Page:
I had 5 minutes and I do not like to leave things to chance — hardly a luxury when you’re in charge of a bunch of national websites.  Why haven’t I heard of “texturizing” before?!  I thought.  We technical “experts” have to know more than others, after all.  Our jobs and livelihood depend on it.  I had to find out, so I searched the web and found this link:


At this link, I learned what “texturizing” in WordPress means.  To save you the suffering of visiting its usually out-dated and anemic reference guide, it means replacing normal quotes with fancy quotes.

Really?  File this one away in the “I heard of that but don’t think it’s very important directory” in your mind.  In other words, forget it.  Sorry to even have wasted your time with this one, but in case someone stumbles on it through some miracle of web search sorcery, now you know, now only if we could sound smart saying “is that website texturized properly?!”  At least that could be “fun”.  Notice the quotes around “fun”?!   🙂

Looking for a PHP, Symfony, Magento, WordPress, MySQL expert?  We have you covered!

The “Insert Script” Simple WordPress Plug-in uses an “insert_script” shortcode to insert external scripts into WordPress content.

I developed a simple WordPress plug-in that allows WordPress owners to call and execute external scripts from within their web root folder. It can be HTML, Javascript, CSS, or even PHP that executes first. You can even pass different attributes to your scripts so when the script is inserted the properties and/or variables are defined beforehand, allowing the script, if it’s dynamic to process the data based on the attributes defined.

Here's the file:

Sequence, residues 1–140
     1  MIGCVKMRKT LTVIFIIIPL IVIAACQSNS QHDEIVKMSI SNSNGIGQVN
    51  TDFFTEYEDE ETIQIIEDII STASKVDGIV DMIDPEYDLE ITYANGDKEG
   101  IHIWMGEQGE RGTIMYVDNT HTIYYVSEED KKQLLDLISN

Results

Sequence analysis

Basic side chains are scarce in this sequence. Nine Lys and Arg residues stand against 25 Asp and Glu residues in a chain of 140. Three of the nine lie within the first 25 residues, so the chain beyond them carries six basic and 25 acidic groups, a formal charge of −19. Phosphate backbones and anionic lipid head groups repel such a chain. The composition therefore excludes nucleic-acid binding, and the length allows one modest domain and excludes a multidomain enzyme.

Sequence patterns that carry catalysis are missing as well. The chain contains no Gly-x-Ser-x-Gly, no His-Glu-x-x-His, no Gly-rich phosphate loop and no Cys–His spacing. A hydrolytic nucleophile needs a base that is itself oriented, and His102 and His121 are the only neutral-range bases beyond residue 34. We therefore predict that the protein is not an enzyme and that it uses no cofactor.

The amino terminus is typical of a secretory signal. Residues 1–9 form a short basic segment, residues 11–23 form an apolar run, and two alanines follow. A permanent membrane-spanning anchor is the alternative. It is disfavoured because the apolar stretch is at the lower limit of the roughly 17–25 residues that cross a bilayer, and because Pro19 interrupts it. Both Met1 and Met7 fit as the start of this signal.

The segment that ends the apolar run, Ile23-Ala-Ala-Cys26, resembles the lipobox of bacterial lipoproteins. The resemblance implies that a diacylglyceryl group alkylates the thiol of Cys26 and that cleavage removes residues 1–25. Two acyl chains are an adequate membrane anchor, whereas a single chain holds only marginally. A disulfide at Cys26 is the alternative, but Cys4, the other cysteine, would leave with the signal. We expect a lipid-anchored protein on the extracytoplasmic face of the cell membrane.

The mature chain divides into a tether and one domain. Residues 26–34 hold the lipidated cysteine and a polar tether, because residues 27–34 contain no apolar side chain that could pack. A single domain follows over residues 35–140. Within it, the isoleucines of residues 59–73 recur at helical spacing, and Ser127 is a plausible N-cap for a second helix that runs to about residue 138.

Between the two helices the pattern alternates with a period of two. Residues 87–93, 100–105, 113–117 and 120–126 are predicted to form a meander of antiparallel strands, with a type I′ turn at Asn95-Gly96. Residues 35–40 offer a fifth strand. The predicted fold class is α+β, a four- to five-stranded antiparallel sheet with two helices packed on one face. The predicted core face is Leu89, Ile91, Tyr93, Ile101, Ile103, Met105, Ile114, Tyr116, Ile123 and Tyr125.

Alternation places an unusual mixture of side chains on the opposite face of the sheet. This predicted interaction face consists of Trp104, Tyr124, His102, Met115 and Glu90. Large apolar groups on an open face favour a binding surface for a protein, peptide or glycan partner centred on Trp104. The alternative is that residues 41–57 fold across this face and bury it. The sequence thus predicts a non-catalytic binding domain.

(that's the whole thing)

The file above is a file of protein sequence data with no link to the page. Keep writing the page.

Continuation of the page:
Creating a WordPress plug-in as a PHP class is always the best way to keep your code encapsulated while avoiding collisions with any other WordPress globals and other plug-ins. It’s a little more work than the old way of declaring a function, but it’s worth it. First of all, you aren’t joining the continuous accommodation of procedure monstrosities that the WordPress architecture seems to welcome despite the consequences that come with not using OOP encapsulation.  They should simply BAN procedural plug-ins and make all WordPress sites more stable overnight.

Insert Script WordPress Plugin Screenshot

To see a screenshot, view the help page and download the “Insert Script” WordPress plug-in, click here.

I found the need to bring in external content that could talk to legacy systems, pull information from another database, make API calls from another website, even pull in reports from a COBOL-based legacy monstrosity for a luxury jewelry retailer and show the results within a WordPress page as part of the dynamic content.  Need to show the price of gold at any given moment?  This plug-in bridges the gap between your WordPress, non-technical guru and your web developers.

Save a lot of time and trouble by separating concerns and allowing those laymen who are too lazy to learn real web programming to insert your heavy lifting with this simple but very powerful “Insert Script” WordPress plug-in.  If found this simple conduit between WordPress and other external scripts and code was efficient and safe for extending WordPress content to meet any organization’s or business’s needs.  I hope you do too!

– Aaron Belchamber